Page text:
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Preserving the Climate Isn’t Just About Theoretical Great-Grandkids


Image credit: AP / Daily Oklahoman, Jim Beckel

When the topic is climate change, you often hear a lot of talk about making sure the earth is a comfortable place for largely nonexistent great-grandchildren to live.

2011 is a record year for hurricanes, tornadoes, tsunamis, floods and droughts. The record-breaking drought in Texas has resulted in record-breaking wildfires (see right), and Texas State Climatologist John Nielsen-Gammon thinks it likely that next summer, the drought will be worse.

So maybe we should stop worrying about whether our descendants will have enough sunscreen. Maybe we need to start thinking about surviving the present.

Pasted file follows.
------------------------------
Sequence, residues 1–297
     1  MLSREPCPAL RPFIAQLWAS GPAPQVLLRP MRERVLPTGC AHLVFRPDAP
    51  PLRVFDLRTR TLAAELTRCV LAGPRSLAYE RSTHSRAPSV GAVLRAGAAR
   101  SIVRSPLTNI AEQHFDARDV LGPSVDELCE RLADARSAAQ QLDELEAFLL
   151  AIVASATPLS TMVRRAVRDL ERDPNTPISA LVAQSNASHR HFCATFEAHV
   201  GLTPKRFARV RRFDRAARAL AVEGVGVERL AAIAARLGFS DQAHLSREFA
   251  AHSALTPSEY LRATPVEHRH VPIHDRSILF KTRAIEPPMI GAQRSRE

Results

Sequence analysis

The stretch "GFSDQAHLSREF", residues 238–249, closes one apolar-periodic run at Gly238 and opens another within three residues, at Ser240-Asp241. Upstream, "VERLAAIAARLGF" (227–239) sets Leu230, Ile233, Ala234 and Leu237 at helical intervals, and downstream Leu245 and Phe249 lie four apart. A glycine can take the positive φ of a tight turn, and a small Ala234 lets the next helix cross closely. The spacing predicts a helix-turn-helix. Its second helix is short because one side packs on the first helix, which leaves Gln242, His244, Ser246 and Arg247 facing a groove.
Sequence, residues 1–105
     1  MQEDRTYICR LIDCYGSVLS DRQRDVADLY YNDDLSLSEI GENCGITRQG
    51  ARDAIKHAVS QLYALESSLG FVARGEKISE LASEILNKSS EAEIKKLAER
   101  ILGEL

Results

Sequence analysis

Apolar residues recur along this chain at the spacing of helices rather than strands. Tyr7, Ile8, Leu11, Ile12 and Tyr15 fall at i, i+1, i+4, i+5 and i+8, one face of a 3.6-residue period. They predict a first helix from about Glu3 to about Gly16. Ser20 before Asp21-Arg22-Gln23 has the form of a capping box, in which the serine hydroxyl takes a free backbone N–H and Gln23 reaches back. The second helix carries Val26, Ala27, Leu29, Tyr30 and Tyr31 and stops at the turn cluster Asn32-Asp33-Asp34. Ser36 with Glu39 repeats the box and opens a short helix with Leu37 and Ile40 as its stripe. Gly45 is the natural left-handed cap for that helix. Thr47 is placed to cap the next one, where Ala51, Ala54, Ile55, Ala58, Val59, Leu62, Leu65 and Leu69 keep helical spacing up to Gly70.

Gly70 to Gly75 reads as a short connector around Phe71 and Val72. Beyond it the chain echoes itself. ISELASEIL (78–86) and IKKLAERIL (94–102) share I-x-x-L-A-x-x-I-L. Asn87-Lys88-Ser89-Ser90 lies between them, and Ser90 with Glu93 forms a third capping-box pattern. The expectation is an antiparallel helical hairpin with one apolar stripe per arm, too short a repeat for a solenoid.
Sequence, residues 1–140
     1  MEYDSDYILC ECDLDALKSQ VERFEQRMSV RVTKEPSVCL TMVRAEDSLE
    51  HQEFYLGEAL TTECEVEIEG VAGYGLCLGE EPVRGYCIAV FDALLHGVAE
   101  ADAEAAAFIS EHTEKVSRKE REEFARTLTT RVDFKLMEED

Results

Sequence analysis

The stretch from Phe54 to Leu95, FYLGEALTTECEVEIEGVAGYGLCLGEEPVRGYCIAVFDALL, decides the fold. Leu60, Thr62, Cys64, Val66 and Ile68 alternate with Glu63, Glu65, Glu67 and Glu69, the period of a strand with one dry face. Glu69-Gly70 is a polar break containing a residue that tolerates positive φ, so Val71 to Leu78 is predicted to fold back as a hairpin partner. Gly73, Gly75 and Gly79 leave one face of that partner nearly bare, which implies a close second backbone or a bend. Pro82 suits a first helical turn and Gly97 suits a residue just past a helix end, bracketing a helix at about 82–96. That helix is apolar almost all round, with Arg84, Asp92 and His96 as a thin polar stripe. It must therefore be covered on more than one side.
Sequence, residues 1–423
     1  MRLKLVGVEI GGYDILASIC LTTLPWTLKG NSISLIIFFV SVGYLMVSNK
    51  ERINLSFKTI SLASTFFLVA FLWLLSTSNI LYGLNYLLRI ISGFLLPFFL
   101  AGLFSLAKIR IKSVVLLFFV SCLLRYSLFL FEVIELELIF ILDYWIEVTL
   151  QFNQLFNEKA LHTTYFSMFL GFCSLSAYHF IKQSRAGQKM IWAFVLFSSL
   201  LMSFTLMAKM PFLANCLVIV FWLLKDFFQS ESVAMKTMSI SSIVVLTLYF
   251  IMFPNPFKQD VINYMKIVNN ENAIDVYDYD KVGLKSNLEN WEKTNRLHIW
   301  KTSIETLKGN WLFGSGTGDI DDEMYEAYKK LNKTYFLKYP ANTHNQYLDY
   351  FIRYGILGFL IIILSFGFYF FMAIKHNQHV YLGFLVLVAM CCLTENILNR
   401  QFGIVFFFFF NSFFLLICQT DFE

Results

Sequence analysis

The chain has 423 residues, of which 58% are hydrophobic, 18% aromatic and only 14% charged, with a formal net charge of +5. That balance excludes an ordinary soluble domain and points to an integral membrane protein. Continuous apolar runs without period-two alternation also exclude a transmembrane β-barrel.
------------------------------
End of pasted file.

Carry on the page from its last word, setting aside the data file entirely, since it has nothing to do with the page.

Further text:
I think extreme weather makes a great incentive by itself to curb carbon emissions. Nevertheless the National Oceanic and Atmospheric Administration (NOAA) recently offered up another with their new study, which found that any climate change we cause will be “largely irreversible for 1000 years”.

This petition against the construction of the Keystone XL Pipeline is a good place to start. I signed it an hour ago. I’ve talked about the pipeline protests before, and tomorrow I plan to post about the new direction they’re taking.

I’ll end off with a video that illustrates an important point about climate science:

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